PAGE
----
Referring to FIGS. 3 and 7G, in accordance with the present invention, a one-piece composite floor 130 is provided. One-piece composite floor 130 includes a subfloor member 135 having an upper surface 140 and a lower surface 145. Floor 130 further includes a unitary top floor member 150 which includes an upper surface 155 and a lower surface 160. Unitary top floor member 150 may be constructed from a plurality of floorboards 165, 170 which include interlocking portions 166 and 171. Interlocking portions 166 and 171 are maintained together by weld or other fastening means 175 to provide a unitary top floor member 150.
Received between upper surface 140 of subfloor member 135 and lower surface 160 of top floor member 150 is rigid foam 180. Rigid foam 180 has sufficient strength to transfer a cargo load from top floor member 150 to subfloor member 135 without floor sills being located therebetween. Foam 180 also has sufficient strength to support and transfer the load of the cargo handling equipment (i.e., forklift, pallet jack, etc.) as well to the crossmembers and trailer structure. Rigid foam 180 bonds to both the top floor member 150 and the subfloor member 135. Because no floor sills are necessary and the floor is a one-piece unit, it is also not necessary for top floor member 150 or subfloor member 135 to have holes therein as in the prior art.
In addition, because of the higher thermal conductivity of wood compared to foam, elimination of the sills allows for the manufacture of a thinner floor with the same thermal properties as a thicker floor with sills. This increases usable area within the trailer by providing for increased inside height without increase in the external dimensions of the trailer. In the alternative, a floor of the same thickness as a floor with sills can be manufactured but will have enhanced thermal properties compared to such floor. By way of example only, a foam core thickness (i.e., bottom of top floor, excluding channels, to top of subfloor) is in the range of 2 to 21/2 inches for a presently preferred embodiment, but could be varied based on the principles set forth above.
Referring again to FIG. 3, one-piece composite floor 130 is received on crossmembers 115 and is maintained in place without the necessity of any fastening means. Sidewall structures 75 are attached to an upper portion of bottom rails 70 and include an outer skin 185, an inner skin 190 and an insulating foam 195 received therebetween. A scuff band 200 is attached by appropriate fastening means, such as rivets or the like, to inner skin 190 and extends to the upper surface 155 of top floor member 150 when one-piece composite floor 130 is in place. Welds, or other suitable securing means, 205 provide a watertight connection between the lower portion 206 of scuff band 200 and upper surface 155 of unitary top floor member 150. It should be appreciated that the structure illustrated in FIG. 3 is identical to the structure on the opposite side of the trailer, only one side being shown for convenience. Insulating foam 210 is received in the space formed between one-piece composite floor 130, insulating foam 195 and bottom rail 70.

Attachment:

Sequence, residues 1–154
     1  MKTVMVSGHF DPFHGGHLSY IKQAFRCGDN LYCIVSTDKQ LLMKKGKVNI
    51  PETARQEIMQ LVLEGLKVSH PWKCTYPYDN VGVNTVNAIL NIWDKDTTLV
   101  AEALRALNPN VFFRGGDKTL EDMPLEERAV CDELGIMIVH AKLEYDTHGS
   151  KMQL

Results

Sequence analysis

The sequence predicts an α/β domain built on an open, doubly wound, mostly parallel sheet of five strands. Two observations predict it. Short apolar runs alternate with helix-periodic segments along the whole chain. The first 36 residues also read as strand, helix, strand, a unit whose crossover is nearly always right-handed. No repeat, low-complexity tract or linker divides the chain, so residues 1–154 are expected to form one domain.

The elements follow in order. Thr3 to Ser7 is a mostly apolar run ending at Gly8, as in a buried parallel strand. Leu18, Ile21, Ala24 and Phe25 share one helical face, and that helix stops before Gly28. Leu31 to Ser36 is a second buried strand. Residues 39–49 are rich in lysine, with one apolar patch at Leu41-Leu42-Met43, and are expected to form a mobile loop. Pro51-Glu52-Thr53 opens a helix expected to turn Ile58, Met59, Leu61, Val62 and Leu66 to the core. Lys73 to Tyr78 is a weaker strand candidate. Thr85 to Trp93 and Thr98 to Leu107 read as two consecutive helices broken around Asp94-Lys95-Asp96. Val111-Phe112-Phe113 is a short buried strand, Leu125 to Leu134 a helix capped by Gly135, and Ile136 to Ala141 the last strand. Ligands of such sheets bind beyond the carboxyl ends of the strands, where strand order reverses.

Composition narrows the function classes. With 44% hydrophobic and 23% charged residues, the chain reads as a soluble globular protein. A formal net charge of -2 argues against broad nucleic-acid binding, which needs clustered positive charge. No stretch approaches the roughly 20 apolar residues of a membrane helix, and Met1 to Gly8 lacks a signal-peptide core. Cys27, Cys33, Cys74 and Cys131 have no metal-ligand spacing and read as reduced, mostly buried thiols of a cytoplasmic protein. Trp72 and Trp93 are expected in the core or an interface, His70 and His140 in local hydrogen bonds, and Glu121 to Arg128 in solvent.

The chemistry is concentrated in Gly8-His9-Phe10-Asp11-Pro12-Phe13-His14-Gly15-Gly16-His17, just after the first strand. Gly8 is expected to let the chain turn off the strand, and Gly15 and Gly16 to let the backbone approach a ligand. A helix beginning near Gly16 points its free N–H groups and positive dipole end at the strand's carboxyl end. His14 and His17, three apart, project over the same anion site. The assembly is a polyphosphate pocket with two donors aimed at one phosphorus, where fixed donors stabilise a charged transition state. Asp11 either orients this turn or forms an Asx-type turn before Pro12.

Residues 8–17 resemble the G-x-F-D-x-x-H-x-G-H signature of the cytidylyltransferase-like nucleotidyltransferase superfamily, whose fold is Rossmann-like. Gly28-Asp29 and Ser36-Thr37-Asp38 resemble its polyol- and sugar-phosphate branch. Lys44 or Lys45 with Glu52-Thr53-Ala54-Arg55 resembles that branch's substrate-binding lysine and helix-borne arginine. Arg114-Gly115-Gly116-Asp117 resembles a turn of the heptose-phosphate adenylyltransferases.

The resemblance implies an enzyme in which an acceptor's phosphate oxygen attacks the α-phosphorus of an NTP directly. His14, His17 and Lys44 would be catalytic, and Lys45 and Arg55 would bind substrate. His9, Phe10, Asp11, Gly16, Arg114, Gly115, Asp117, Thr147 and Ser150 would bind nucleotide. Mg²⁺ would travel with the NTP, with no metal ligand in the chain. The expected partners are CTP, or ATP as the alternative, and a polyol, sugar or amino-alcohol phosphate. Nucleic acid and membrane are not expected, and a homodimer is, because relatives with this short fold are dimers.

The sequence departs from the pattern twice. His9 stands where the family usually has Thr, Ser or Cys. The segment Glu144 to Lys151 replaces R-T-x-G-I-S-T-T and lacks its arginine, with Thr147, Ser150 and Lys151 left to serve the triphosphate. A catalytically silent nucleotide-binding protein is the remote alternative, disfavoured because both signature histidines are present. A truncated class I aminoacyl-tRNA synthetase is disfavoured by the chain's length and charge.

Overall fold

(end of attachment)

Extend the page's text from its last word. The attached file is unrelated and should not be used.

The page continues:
As best illustrated in FIG. 4, end plug structures 215 are welded or otherwise secured to the open foamed channels of one-piece composite floor 130, and a gutter assembly 216, as is well known in the art, is welded thereto to drain water and the like out a drain hole 220 in a conventional manner.
Referring to FIG. 5, a detailed view of the configuration of the top floor member 150 is illustrated. The embodiment illustrated in FIG. 5 is an improved version of what is commonly known as a duct-T-duct floor configuration. In the present invention, rigid foam 180 is received in spaces 230 formed in top floor member 150. Top floor member 150 is configured to minimize stress in foam core 180 by maximizing its "footprint" or foam contact area and minimizing sharp corners. Floor surface 160 of top floor member 150 includes a series of foam contact portions 240 in a first horizontal plane, and a series of foam contact portions 250 in a second horizontal plane. Vertical portions 260, as best illustrated in FIG. 5, at the transition between horizontal foam contact portions 240 and vertical portions 260, include rounded edges 270 as well as thickened portions 275. Interlocking portion 166 of floorboard member 165 mates with interlocking portion 171 of floorboard member 170 so as to also provide a configuration that reduces stress in the foam core. As illustrated at 280, the configuration described above is constructed in a manner to transfer the force from cargo received on the upper surface of unitary top floor member 150 into subfloor member 135 and to crossmembers 115 while minimizing concentrated stress in foam 180. Referring to FIG. 6, an alternate embodiment of the unitary top floor member 290 is illustrated. Unitary top floor member 290 includes a plurality of floorboard members 295 and floorboard members 300 with interlocking portions 296 and 301, respectively. Top floor member 290 further includes an upper surface 305 and a lower surface 310. The top surface of the top floor member 290, as illustrated in FIG. 6, is generally known as a cargo floor structure. In the present embodiment, lower surface 310 of floorboards 295 include a plurality of downwardly projecting segments 315 including a vertical neck portion 320 and a lower end segment 325. Lower end segment 325 is configured with upwardly turned portions 329, 334 with rounded edges 330. The connection points between downwardly projecting segments 315 and lower surface 310 of floorboards 295 also include rounded edges 335. The configuration set forth in FIG. 6 serves to firmly anchor top floor member 290 into rigid foam core 180 and to minimize stress created therein when a cargo load is placed on top floor member 290.